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Old 01-13-2005, 04:55 PM   #14
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Very interesting thread Child.

I think that perhaps Tolkien is doing something far more radical than we have yet recognized here. So far, the discussion seems to be proceeding in and from the assumption of Tolkien’s characters as individuals. That is, they are individual characters who may not be presented in a psychological manner, but they are still individuals. I’m not so sure that this is the most effective way to regard them, particularly given how much of their characterization they owe to works like Beowulf.

Quite simply, the whole concept of the individual is a very recent invention. The idea that the “real me” is some kind of floating consciousness or conscience “inside” my mind is an alien thought to worlds like the ones from which Tolkien drew most of his inspiration. The idea that one’s “true” or “real” identity is internal and not external was anathema to the world view of the Anglo-Saxons.

To this point we’ve been characterizing the debate in terms of modern “psychological” models of self in opposition to more ancient “moral” models. I think a more accurate way to put this, however, would be that ‘these days’ our stories (and our lives) tend to focus on how we are in conflict with ourselves: that the real battles we fight are with the inner-self, and that that’s where change is important. I cite the flood of self help books and television shows that try to help us be better people by altering our perceptions of ourselves, of boosting our self-confidence, of getting ‘in touch’ with our own feelings or ‘inner child’ or whatever. These all spring from the idea that we are individuals, that we are being primarily defined by out own unique sense of who we are: that our identity is built around and dependent upon the “I”.

Interesting to put that next to the context of the characters in Middle-earth. The characters who think in terms of self-determination, or even self-improvement, are people like Saruman, Boromir and – most disturbingly – Sauron (with his obsession over the Eye/I). These are the real individuals in the text, in the modern sense, insofar as their identity is defined by what they want, what they desire, what they think of themselves, what they want others to think of themselves. The heroes of the book are just not individuals in the sense we think of individuality. They are not defined by their inner core, by what they are but by what they do.

Back to Beowulf. Beowulf was not an individual who struggled with and overcame his own inner doubts and demons to become a better person. He fought three monsters and defeated them. He is thus, by contemporary standards, a very two-dimensional character insofar as there is no sense of individuality to him. He is a hero like all the heroes before him, and a pattern for all the heroes to come. I find very much the same circumstance and view in LotR. I simply do not try to understand the characters as individuals, but as parts of a larger fabric. Frodo, on his own, makes no sense and is, to be blunt, quite boring – until he is placed alongside his foils/parallel characters: Sam, Aragorn, Gollum and Sauron. It’s the same for all the characters.

Another literary form that comes to mind is the Romance (like Gawain and the Green Knight – another work with which Tolkien was intimately familiar). In Romance the human condition is explored not through individual characters, but as that condition is expressed in its various modes and parts within the stories of different characters. In LotR, there is no one character who sums up the experience of human life, there’s not even an attempt at this. Instead, that experience is explored by all the characters from their unique perspectives, forcing upon us the necessity of keeping the whole fabric in mind rather than focusing on just one character at a time. The radical thing about LotR for me is that it highlights the arrogance of modern constructions of self: we really think that, on some level, the truth of the human condition can be realized by and through intense scrutiny of just one person’s life: usually our own. We are the centres of our own truth, and the basis upon which meaning can be found.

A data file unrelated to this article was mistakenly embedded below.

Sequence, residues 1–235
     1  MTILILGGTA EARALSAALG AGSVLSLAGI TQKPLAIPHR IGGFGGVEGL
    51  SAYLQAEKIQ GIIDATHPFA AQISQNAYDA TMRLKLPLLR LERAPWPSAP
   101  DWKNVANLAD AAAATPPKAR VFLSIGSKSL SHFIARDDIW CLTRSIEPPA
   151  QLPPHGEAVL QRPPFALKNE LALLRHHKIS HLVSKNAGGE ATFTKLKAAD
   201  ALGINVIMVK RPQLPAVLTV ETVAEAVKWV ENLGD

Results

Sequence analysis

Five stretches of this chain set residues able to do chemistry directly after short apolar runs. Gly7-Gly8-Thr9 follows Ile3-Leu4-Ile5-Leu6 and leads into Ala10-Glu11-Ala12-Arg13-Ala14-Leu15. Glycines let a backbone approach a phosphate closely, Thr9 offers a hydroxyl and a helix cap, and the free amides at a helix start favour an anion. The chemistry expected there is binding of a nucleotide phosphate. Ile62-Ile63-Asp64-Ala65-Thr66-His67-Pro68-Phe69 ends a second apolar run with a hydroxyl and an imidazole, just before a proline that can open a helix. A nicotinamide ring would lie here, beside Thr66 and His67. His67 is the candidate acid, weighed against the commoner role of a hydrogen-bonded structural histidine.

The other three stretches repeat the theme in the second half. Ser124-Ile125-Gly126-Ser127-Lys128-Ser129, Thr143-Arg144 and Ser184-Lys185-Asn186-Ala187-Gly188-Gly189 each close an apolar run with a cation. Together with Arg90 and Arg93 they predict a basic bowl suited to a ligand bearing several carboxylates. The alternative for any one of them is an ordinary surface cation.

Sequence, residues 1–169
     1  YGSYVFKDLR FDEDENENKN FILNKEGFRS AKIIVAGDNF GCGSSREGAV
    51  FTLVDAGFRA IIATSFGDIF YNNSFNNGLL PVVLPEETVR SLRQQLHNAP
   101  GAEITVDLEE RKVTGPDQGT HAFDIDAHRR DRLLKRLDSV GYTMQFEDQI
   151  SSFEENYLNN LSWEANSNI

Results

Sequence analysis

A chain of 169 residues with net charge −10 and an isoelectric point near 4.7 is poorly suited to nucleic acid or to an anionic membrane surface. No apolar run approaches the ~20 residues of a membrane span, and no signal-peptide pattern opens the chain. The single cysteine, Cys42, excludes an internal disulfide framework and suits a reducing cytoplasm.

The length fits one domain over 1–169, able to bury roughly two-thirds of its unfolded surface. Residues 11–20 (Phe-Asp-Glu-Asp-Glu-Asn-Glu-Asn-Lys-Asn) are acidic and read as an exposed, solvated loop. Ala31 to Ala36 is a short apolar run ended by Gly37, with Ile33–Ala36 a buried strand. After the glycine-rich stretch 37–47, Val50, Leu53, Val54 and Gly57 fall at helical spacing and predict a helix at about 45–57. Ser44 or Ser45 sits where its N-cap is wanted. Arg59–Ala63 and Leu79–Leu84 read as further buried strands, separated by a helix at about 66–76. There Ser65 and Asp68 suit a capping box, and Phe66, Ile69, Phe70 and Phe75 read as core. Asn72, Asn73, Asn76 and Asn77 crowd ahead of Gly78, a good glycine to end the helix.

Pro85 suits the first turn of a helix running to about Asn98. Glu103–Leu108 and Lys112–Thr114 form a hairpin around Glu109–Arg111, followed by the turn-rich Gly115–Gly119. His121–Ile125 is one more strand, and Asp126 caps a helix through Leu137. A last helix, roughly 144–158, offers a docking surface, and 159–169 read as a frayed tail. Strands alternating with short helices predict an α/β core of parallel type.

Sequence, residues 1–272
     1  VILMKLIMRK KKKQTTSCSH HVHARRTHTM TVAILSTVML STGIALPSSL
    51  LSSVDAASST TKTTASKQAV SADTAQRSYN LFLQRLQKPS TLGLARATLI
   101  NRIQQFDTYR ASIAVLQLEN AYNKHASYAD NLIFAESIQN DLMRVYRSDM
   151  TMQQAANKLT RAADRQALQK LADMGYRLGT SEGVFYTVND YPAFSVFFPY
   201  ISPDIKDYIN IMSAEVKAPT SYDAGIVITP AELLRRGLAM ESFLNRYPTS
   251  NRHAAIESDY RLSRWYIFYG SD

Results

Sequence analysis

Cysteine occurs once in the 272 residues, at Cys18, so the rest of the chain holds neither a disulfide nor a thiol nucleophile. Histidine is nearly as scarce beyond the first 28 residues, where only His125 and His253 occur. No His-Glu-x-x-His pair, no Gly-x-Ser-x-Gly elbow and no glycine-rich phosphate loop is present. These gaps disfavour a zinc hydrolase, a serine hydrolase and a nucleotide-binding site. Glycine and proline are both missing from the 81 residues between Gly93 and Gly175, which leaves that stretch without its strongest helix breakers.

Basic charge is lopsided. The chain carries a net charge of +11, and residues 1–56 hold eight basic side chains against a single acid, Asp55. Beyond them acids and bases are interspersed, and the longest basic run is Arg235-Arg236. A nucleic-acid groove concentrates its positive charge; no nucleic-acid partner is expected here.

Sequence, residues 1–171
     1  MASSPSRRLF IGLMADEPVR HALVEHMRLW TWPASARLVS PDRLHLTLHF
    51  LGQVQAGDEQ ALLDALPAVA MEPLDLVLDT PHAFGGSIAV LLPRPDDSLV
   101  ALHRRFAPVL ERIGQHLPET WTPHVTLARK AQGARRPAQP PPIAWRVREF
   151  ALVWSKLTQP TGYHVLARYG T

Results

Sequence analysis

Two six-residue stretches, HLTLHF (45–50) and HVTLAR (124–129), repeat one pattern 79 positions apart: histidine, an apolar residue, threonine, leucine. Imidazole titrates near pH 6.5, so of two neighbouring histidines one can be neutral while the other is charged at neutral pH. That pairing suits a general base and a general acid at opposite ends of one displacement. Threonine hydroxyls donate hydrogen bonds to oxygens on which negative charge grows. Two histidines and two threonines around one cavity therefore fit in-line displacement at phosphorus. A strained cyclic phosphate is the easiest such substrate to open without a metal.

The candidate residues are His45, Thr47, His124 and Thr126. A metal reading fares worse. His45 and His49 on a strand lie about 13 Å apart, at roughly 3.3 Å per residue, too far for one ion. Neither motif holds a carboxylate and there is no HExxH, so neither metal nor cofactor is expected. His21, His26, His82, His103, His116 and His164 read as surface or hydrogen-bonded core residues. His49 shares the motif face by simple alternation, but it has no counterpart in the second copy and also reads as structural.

What a lot of pressure to place on an individual! Tolkien has a different view. The human experience is not found in each of his characters, it is expressed by all of them.
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Old 01-13-2005, 07:05 PM   #15
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If any character in LotR could be said to be 'modern' it is Gollum. He's complex and intangible and yet in the great tradition of characters who can chill our blood. - Lalwendë
You do raise my hopes for my own humble story, since I also have one very complex character amongst a slew of mirror types. What do you mean by intangible?

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You helped me to arrive at this insight, mark.

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I would say that there are a few, albeit a limited number, of characters who might be described as having "psychological depth" in the modern sense, even though we do not "get into their heads" as such (or not all of them anyway). But, consistent in many ways with the thoughts expressed on this thread, they are invariably those who are, to one degree other, morally ambiguous. In addition to Gollum, I have in mind Boromir, Eowyn and Denethor. - The Saucepan Man
Eowyn?

I do find it interesting how your comment dovetails with Fordim's.

[quote]The radical thing about LotR for me is that it highlights the arrogance of modern constructions of self... - Fordim Hedgethistle/quote]